Q: You played some
of your most despicable villains in Blaxploitation films where you
were usually exterminated by the black superhero. The villains in
these movies were almost exclusively white, the casts were predominately
black. They were made in the Black Power '70's. As a white
actor, did you ever feel any racial tension?
[Video clip from the final scene
in Black Samson. Bill is a drug dealing gangster.
He and his men are on the street in a Black urban neighborhood where people
on the roof are throwing things at them.]
Bill: No, not at all.
I was killed in Hammer and Boss Nigger by Fred
Williamson. We had a great time with our fights. We went down
to Arizona to film Boss with R.G. Armstrong. He had a lot
of urban, black kids on the set. They were falling off their horses
like Neville Brand did in Laredo -- only they weren't drunk, of course.
Fred and I had a great fight scene in that, more than one
Q: Was that prop
stuff they were throwing on you?
Bill reacting to
the extras who were really trying to hit him.
Bill: Oh no. They were
throwing pans, bottles, bricks, mattresses. Hell, they were throwing
refrigerators. It was all real. [Pause] Well, so I guess
there was a little bit of racial tension. Not from the other actors.
But those guys on the roof were just extras. I think they only got
about $20 a day. They were really trying to hit the white actors.
That part of the scene was real. [A clip showing the white actors
in the street] Look at me. I was so mad, man. That son
of a bitch was trying to hit me there.
Q: They were trying to hit
one of the stars?
Bill: They didn't care.
Bill: [pointing to
one of the stunt men falling off a roof] That's Terry Leonard there.
He broke his back in that scene. He came back though. Tough
Bill: Rockne Tarkington
was really a nice guy.
Q: Doesn't look as tough
as Fred Williamson though.
Bill: Oh, he was a big guy.
He weighed more than I did. And a muscular guy, a basketball player.
Weighed about 250, about 6'5". He was good in that fight scene.
Q: Good at fighting or good
at not getting hurt?
Bill: Well, there's always
a few times you get each other, but nothing like Amber. He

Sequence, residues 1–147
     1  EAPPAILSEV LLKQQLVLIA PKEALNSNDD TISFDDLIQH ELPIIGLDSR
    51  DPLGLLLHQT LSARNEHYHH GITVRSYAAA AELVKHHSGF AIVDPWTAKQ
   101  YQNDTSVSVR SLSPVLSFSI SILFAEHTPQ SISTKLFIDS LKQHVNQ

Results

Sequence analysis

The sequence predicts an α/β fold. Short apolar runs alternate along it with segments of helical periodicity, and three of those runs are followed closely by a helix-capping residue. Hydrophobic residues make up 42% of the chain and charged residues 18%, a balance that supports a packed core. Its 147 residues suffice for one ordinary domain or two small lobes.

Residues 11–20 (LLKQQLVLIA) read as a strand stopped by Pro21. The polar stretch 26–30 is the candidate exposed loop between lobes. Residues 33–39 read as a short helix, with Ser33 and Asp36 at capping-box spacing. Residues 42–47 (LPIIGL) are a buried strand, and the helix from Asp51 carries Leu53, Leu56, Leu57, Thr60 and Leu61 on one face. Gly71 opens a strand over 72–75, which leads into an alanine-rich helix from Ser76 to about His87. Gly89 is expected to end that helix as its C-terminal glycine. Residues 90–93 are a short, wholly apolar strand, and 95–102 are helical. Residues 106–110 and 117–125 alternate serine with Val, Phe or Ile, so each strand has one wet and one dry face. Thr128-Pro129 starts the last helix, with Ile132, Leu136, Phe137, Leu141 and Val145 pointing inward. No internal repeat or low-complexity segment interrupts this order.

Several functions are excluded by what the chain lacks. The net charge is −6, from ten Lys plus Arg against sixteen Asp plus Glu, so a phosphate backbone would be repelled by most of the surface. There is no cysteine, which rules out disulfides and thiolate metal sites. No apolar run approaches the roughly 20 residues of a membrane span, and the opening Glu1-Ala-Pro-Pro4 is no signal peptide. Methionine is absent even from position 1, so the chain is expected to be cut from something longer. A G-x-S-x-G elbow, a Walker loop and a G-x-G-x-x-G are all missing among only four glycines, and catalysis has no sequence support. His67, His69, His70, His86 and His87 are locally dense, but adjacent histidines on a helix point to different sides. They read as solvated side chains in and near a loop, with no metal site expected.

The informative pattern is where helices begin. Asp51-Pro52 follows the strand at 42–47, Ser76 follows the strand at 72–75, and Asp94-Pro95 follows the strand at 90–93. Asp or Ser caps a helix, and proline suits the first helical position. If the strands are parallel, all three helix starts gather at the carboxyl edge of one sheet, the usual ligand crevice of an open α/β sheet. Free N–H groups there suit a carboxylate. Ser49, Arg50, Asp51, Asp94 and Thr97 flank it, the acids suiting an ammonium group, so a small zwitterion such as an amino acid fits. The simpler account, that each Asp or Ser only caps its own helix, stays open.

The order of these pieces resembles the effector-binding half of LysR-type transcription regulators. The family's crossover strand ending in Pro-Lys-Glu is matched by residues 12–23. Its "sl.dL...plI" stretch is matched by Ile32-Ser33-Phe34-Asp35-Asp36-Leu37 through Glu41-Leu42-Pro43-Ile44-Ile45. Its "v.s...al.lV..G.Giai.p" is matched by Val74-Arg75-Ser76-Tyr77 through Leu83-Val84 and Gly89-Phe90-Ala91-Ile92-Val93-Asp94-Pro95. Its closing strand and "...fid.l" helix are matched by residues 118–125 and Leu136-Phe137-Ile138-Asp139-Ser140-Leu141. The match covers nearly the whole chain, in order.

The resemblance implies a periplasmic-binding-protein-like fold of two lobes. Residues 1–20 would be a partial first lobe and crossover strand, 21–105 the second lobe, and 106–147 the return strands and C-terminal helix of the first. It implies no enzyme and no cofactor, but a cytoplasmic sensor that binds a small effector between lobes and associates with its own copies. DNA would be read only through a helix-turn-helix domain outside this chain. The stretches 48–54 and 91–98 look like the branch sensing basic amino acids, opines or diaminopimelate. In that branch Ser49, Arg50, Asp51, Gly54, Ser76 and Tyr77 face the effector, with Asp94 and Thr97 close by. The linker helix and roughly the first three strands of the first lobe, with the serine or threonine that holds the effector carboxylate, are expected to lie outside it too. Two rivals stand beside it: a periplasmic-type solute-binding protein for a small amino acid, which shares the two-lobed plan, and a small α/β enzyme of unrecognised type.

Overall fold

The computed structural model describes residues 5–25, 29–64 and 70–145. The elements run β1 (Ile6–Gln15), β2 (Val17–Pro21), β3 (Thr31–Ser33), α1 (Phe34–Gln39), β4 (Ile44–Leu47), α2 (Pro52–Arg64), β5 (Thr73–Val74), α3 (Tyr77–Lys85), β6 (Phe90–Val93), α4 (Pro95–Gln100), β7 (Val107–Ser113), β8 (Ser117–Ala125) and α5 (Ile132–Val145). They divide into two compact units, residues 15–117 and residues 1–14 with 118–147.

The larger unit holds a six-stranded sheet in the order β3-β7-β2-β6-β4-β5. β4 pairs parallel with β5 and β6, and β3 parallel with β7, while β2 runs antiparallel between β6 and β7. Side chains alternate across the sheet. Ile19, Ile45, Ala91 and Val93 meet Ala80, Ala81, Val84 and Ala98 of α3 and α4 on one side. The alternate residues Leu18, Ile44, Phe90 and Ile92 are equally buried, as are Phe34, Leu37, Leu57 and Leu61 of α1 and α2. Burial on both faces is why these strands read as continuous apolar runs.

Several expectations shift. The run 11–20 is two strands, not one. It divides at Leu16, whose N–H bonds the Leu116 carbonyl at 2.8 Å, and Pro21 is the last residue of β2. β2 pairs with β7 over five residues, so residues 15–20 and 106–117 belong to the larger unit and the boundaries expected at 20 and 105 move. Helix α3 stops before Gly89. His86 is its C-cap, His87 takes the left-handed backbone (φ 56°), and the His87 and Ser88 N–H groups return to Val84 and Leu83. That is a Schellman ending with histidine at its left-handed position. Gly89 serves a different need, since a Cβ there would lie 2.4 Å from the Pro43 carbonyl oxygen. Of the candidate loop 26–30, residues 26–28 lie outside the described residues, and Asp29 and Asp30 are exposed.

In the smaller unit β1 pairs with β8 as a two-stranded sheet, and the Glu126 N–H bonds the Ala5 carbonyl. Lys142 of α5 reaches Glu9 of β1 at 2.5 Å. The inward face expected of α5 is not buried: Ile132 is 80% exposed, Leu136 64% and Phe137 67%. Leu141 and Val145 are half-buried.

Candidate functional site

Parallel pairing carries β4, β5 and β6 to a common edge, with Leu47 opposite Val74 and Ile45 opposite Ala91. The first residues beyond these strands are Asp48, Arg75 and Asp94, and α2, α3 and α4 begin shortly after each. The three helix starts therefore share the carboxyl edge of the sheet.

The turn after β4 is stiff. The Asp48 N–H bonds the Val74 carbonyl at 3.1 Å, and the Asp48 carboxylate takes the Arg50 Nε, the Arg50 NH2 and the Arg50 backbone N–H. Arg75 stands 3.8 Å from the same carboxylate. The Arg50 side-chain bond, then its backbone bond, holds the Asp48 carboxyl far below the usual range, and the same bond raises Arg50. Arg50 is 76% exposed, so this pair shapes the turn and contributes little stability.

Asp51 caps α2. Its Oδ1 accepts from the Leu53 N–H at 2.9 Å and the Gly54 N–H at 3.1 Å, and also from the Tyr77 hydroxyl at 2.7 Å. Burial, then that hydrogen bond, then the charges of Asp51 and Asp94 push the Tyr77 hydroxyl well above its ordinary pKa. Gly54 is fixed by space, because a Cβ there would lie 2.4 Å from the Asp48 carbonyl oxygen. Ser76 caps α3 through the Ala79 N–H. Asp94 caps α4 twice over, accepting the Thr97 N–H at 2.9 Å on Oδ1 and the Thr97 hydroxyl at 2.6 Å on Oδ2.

said that our fight scene was more fun than anything he'd ever done
Bill: [Reacting to
clip in which he's biting Tarkington's ear.] There, I'm doing a Mike
Tyson. That's probably where he got the idea.
Q: Don't you hate
it that you are always the one getting beaten up?
Bill: Only in the last scene.
I usually get to beat up enough people before the end to make it even out.
Q: In this one you even beat
up your girlfriend.
Bill: Yeah, I loved that.
Q: But she was a tiny little
Bill: But she'd been messing
with him [indicating Tarkington's character]. I had to hit her.
A little Rich Man, Poor Man aside:
Q: Some of us who
missed it the first time around, just found a copy of Rich Man, Poor
Man Book II, the series that followed the mini-series. In the
last episode, Falconetti and Jordache kill each other in an alley.
A very bleak ending. We've heard you say that some people were really
upset that you killed Nick Nolte in the original mini-series.
Bill: Oh yeah. Someone
shot at me. A woman tried to attack me with a bottle.
Some people just lose touch with reality or just don't have enough going
on in their own lives..
Q: So how did people take
it when you killed Peter Strauss in the second go-around?
Bill: Well, since he
killed me too, they couldn't blame me for it. But that ending was
criticized a lot. It was very controversial. Actually we filmed
the ending two ways. When Peter Strauss decided not to come back,
they ran the one where we both died. I guess they decided there wouldn't
be a strong enough hero if he left.
Q: Well, certainly no one
strong enough to stand up to Falconetti.